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Teachers Tips - End of term 3 2023

Dear Parents,

There is something unique and special about every culture which makes it stand out and the beauty of our land lies in the diversity of it’s people. Our concert was definitely a celebration of our heritage. I am so proud of each child for shining like a star on stage!

After the concert many of you asked how the teachers managed to get the children to do what they did without bribery, corruption or gluing them to the spot.  In your parent teacher meetings, I’m sure many of you asked if the teacher was in fact talking about your child?? They tidy up after themselves,  listen and follow instructions the first time they are asked, and they do not even moan or roll their eyes!

How is it possible that at school they listen, behave, do and still have fun? Well today is your lucky day as I’m going to let you into a few secrets that we as teachers do to ensure that things remain organised and most importantly that your child feels safe and loved in their learning environment.

As teachers we focus a great deal on developing independence and co-operation. Both are important aspects of your child’s development.

Developing independence

As parents you need to expect more from your child. They can do things on their own at school so home should be no different.

  1. Raise the bar

While it may be easier and quicker to do things yourself, like packing their bag, it won’t help your child become self-sufficient. Resist the urge to always do things that your child can manage.

Appeal to their sense of pride by asking them, “Do you want me to help you, or can you do it yourself? I think you can because you are such a big boy/girl”.  Your child generally wants to do things for themselves as it makes them feel good and they experience a sense of accomplishment.

Raise the bar and your child will stretch to meet it.

  1. Don’t redo what they have done

As parents we are guilty of fixing what our child accomplishes because it is not to our standard. If your child dresses themselves and arrives at school with their top the wrong way or your worst colour combo, rather compliment them on their ability to dress themselves and let it go.

By redoing what they have done you are only discouraging them from trying new things

  1. Let them solve problems

Solving problems leads to character building. If your child is stretching to get something or trying to finish a puzzle, pause before racing over to help. We do not live in a perfect world, so don’t make everything perfect for your child. If you do, you rob your child the opportunity to experience true success.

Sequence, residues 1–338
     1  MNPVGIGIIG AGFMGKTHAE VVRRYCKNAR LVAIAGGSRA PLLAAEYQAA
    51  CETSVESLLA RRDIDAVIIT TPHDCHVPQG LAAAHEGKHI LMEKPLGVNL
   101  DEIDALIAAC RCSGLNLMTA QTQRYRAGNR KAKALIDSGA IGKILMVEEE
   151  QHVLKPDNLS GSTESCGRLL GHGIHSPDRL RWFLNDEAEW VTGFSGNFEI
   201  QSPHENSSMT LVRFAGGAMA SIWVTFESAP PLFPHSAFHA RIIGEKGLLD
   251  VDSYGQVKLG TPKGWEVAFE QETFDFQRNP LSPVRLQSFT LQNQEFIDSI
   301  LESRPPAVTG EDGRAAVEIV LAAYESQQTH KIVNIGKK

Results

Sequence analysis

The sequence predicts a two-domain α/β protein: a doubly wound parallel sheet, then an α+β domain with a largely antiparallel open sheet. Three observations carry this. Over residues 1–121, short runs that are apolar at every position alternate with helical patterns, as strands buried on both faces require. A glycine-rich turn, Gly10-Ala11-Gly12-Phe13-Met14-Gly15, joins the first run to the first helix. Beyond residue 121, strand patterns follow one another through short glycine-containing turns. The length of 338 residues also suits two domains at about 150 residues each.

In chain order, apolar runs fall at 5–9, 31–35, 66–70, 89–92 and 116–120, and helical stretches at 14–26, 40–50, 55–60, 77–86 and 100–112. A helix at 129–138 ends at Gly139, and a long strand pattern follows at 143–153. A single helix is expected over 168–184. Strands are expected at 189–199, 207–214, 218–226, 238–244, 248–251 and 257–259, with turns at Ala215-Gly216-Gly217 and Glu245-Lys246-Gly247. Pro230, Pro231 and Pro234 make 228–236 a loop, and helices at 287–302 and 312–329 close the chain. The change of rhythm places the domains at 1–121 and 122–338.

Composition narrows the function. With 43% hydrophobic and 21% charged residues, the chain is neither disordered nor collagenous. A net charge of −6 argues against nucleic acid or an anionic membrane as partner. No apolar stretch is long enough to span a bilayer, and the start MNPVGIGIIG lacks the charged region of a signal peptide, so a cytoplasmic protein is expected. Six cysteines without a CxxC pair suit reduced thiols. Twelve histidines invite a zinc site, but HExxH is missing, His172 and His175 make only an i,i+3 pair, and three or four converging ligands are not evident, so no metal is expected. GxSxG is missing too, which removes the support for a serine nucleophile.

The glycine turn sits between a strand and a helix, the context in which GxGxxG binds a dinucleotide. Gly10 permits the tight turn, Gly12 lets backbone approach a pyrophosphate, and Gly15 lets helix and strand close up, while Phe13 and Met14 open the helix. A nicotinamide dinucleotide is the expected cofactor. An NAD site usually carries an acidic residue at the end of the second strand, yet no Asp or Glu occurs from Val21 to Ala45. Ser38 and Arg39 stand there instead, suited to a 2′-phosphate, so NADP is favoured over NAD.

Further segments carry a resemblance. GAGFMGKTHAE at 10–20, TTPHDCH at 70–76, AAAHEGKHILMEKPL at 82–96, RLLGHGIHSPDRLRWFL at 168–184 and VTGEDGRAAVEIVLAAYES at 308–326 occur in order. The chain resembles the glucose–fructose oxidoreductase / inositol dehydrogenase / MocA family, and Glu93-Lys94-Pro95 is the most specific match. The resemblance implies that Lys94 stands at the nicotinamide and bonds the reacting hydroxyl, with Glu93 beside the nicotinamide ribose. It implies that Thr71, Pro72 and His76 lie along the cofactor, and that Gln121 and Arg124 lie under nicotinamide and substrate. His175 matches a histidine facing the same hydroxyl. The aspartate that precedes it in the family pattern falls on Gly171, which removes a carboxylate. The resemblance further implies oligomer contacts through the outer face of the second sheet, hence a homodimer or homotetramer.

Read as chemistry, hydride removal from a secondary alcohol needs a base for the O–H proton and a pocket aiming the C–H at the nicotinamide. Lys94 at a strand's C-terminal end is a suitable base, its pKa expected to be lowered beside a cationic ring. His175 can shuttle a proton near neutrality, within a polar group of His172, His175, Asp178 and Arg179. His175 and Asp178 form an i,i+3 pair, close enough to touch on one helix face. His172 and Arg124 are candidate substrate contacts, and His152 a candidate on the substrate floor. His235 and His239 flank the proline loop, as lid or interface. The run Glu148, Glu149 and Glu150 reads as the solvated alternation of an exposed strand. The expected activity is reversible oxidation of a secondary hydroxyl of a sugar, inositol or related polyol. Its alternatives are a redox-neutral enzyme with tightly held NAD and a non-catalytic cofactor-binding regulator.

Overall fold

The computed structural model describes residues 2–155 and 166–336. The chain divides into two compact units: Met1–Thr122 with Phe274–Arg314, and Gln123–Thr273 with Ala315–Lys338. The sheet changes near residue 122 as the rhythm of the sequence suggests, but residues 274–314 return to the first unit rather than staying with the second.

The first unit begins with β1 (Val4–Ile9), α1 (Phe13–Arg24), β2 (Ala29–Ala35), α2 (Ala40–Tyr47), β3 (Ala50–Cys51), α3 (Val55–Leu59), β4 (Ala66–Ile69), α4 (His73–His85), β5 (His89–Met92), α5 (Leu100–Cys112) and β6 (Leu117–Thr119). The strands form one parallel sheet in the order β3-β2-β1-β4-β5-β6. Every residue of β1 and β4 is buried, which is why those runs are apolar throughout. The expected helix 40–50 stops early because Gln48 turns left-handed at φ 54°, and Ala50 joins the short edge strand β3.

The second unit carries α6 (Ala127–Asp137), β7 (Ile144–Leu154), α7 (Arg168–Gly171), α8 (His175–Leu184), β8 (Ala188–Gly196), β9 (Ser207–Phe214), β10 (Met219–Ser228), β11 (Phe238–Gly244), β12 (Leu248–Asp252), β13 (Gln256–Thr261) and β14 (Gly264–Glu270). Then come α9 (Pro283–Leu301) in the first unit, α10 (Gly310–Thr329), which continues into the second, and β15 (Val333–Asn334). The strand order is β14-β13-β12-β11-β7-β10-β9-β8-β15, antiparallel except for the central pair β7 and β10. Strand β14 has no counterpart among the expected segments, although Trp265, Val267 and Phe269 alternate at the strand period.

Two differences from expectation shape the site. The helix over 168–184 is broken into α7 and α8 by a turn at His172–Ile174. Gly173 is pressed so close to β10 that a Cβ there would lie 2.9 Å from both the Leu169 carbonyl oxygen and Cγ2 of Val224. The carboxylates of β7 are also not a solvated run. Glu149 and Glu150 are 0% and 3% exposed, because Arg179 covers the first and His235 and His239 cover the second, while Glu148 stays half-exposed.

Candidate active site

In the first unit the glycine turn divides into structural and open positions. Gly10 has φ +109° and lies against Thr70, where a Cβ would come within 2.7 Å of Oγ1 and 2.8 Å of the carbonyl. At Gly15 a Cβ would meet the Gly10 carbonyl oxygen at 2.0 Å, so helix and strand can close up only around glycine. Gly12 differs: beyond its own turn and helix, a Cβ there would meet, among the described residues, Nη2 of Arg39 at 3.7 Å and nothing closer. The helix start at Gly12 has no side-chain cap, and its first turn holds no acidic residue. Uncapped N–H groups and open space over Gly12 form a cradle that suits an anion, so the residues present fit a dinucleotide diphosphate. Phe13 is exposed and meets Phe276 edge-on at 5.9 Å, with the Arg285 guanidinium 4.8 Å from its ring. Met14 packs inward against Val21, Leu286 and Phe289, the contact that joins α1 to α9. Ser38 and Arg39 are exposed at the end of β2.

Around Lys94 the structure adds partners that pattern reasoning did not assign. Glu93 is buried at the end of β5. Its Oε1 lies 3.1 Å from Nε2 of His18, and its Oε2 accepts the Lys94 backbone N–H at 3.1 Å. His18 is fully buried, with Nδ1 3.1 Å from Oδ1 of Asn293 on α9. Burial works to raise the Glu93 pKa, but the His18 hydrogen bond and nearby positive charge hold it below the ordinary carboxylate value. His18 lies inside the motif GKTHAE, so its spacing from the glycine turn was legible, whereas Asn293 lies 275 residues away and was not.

1. Assign simple chores

I give this advice often, but chores encourage your child to feel capable and a contributing member to the family. Putting your child in charge of simple, age-appropriate chores on a regular basis will build their confidence and their sense of competency.

Encourage co-operation

If a teacher can get a class of 20 children to co-operate, willingly and happily then surely your child can co -operate and listen to you at home?  Sadly, there is no secret potion, but I do have some tips for you:

  1. Praise and praise again

Catch your child doing something good as children repeat behaviours that get attention.

  1. Develop a predictable routine

Your child co-operates at school because they know what to expect. Obviously, you cannot have the same level of routine at home but decide on a few and stick to them. For e.g., everyone gets dressed before breakfast, toys packed away before bath time etc. Eventually following “house rules” will become second nature to your child.

  1. Give notice before changing activities

At school we let your child know what is coming next, so they have time to finish. If you plan on leaving the house at 8.30 am every morning for school warn your child at 8.10 to start finishing what they are doing. Set a timer to help them understand the period of time they have before you need to leave.

  1. Don’t overuse sticker charts and rewards

Your child needs to learn the real reason for doing things and not to be rewarded every time. Keep rewards for finite endeavours such as potty training or sleeping in their beds and avoid using them for everyday things like brushing your teeth or picking up toys.

  1. Avoid using “if” statements.

Make requests in language that assumes co – operation. “When you put your crayons away, we will go to the park” instead of “If you put your….”

  1. Prioritise play

I encourage you to tell your child,  “Go play on your own” It is not your job to see that your child is busy all the time. They need to be bored so that they can learn to entertain themselves and be imaginative.

As with all things implementing a new way of doing something or changing a behaviour takes time, patience and repetition. Try one new thing at a time and be consistent. Once one new habit is created then introduce the next one. Before you know it, your child will be willing to do more things for themselves, listen better, moan less and you will have more time to yourself.

Warmest regards,

Lara and the CPS Family

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